Deadpool: Excuse Me While I Wax Nostalgic
The Merc With a Mouth
Ah, Deadpool. We met in the 90's. You made me laugh. You introduced me to Gail Simone. You taught me that, yes, giving your superfluous battle suit mech a snazzy paint job and a pair of fuzzy dice testicles does make it way cooler.
But now I can't quite seem to get away from you. Every Wednesday a new release from one of your many titles. I pick up another Marvel U. title, and you're making a cameo. Impossibly, I even once found you in a DC comic.
You were my Saturday morning pancakes, Deadpool. I looked forward to your syrupy goodness with giddy fangirl glee Now I'm being served pancakes every morning, and I'm getting a little sick of it.
That last analogy went somewhere weird but, point is, I'm getting sick of the 'Pool. However, there was in fact a time when I loved that crimson nutcase to itty bitty tumorous bits. So let's take a look back of some of his late, great titles, shall we?
Before he had so much as a limited series, Deadpool was just another villain. A villain dubbed Wade Wilson by writer Fabian Nicieza; after he saw Rob Liefeld's character designs and noted striking similarities between our merc and a certain big name villain in the DC universe.
New Mutants #98 was where Wade made his debut. He returned to menace Cable on more than one occasion, finding his way into the pages of X-Force and Heroes for Hire, among a few other titles.
But it was the Limited Series that really kicked things off. Fabian Nicieza offered us our first juicy bits of back story; teasing us with the the idea that Wade could be more than a villain, and offering us our first glimpse beneath the mask.
The second limited series certainly carved out a little nostalgic niche in my heart when it introduced me to one of my favorite will they/won't they comic book romances of all time: Deadpool and Siryn.
Deadpool Vol. 2
This is it. This is the Golden Age. Things kicked off in 1997 with Joe Kelly and Ed McGuinness. We had our very first villain to antihero story arc; before the concept of a villain to hero arc had become overdone and cliche in the world of the 'Pool. We had awesome old lady Blind Al, best bud Weasel, and... that seeing-eye dog they stole from Matthew Murdock for LOLs.
Monty, Taskmaster, Landau Luckman & Lake. It ran for 69 glorious issues. Well... mostly glorious. There were arcs that dragged, issues that flat-out sucked, the usual - but, bottom line, you're doing yourself a disservice if you don't give this run a read.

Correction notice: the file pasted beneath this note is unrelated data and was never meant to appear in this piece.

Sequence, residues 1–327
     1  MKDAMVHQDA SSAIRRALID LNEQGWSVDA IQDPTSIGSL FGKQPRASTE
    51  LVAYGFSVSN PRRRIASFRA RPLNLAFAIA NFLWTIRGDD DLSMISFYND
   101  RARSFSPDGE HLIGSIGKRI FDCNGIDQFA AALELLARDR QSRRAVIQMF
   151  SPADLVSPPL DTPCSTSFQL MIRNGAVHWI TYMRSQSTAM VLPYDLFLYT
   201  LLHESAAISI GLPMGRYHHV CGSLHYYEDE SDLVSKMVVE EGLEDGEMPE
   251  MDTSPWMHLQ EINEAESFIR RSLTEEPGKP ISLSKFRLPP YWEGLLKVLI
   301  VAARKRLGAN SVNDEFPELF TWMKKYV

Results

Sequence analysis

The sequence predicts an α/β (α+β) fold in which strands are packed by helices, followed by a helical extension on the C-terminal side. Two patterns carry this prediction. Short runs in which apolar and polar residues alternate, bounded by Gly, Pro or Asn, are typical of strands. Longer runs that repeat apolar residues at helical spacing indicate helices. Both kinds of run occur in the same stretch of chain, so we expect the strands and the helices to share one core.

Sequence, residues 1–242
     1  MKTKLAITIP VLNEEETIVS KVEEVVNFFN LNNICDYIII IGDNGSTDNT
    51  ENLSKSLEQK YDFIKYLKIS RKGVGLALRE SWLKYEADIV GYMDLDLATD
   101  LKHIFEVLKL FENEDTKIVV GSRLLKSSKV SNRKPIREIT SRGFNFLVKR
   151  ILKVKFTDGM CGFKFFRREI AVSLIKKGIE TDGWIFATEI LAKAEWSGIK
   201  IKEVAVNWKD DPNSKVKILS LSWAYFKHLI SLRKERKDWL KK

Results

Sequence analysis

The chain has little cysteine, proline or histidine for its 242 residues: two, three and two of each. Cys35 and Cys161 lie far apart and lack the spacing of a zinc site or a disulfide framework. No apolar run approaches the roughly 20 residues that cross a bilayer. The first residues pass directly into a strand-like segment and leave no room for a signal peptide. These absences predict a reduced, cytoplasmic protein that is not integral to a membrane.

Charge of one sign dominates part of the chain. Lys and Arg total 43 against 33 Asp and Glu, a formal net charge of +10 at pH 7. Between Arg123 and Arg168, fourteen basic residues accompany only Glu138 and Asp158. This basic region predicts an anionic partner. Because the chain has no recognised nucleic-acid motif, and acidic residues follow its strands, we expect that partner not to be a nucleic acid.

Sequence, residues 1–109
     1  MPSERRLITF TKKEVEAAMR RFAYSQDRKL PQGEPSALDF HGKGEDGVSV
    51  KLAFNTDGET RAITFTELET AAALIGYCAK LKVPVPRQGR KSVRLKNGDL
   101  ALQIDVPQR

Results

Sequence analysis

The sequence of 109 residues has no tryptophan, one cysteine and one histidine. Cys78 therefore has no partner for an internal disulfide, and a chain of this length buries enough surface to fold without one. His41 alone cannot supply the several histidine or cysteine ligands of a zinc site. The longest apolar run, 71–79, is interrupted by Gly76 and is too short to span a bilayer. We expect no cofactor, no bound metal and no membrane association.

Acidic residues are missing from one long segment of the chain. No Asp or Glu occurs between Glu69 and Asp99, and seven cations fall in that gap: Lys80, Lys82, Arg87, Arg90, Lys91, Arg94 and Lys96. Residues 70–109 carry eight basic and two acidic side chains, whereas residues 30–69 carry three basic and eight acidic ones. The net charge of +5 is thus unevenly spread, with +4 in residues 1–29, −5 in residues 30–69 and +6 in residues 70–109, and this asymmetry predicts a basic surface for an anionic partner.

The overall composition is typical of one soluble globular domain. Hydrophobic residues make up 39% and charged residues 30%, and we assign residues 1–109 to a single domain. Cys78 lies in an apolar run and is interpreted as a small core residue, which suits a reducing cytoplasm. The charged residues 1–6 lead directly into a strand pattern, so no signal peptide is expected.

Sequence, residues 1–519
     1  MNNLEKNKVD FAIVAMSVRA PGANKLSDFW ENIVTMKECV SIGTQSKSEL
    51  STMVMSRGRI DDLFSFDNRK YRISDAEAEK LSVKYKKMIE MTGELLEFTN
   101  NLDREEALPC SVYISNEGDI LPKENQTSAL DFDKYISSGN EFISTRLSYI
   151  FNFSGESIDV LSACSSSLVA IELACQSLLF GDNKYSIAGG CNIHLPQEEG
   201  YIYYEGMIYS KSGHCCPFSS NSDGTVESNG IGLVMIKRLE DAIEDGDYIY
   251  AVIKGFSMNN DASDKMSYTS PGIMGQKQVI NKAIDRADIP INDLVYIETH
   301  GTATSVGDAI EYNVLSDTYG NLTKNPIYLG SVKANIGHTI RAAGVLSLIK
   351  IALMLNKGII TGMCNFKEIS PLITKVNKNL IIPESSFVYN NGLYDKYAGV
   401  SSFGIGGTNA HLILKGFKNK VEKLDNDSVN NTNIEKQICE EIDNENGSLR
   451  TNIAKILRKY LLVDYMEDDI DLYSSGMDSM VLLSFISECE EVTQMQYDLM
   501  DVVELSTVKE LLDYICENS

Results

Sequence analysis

More Gail Simone? Oh, Marvel, you're too good to me sometimes.
By the end of Deadpool Vol. 2, the title character is out of the picture. Thus begins to tale of Alex Hayden AKA Agent X, AKA some mysterious sort of off-brand Deadpool with amnesia. This one is under-appreciated, over-looked, and absolutely hilarious.
Simone has this uncanny ability to take characters I cared nothing about and turn them into characters I love. Agent X did for Taskmaster what Secret Six is doing for Catman... admittedly to a lesser extent what with Agent X's short run and a (mostly) frustrating author shuffle occurring between issues 7 and 13.
Cable and Deadpool
Some fans will argue about this one. Some fans think this is where the whole Deadpool franchise started to go south. This fan thinks it was awesome, and it remains one of her favorite Marvel titles if only for... wait for it...
Deadpool finds himself stuck with arch nemesis Cable after the latter swallows him and subsequently pukes him back out. And, no, giving that statement context will not help. What follows is funny, tear-jerking, and... vaguely homoerotic.
Toward the end, things did wind down a bit. Cable was taken off the title to go star in Messiah Complex and his own lackluster title. It became more of a team-up and was canceled shortly after - though it does win some major last-minute brownie points for adding to the cast, Bob Agent of Hydra.
And then there were the annuals, the oneshots, the oh-so-awesome "activity book", and the AUs. The cameos in X-Force were often a treat, awkwardly fanning the flames of unresolved sexual tension between Deadpool and the subject of his stalkerish affections, Siryn.
A few honorable mentions go to the Deadpool & Death Annual 1998, Deadpool/GLI Summer Fun Spectacular and the AOA AU, Excalibur - featuring my favorite of all AU Deadpools, Dead Man Wade.
And You Know the Rest...
Do I think any subsequent Deadpool title has been all bad? No. For instance, I quite enjoyed Suicide Kings and a few of the comics from the on-going series I came across before I found myself getting sick of all this overexposure.
I fully intend to return to reading about Wade Wilson when all the hype dies down... or when I get a taste for pancakes again... whichever comes first.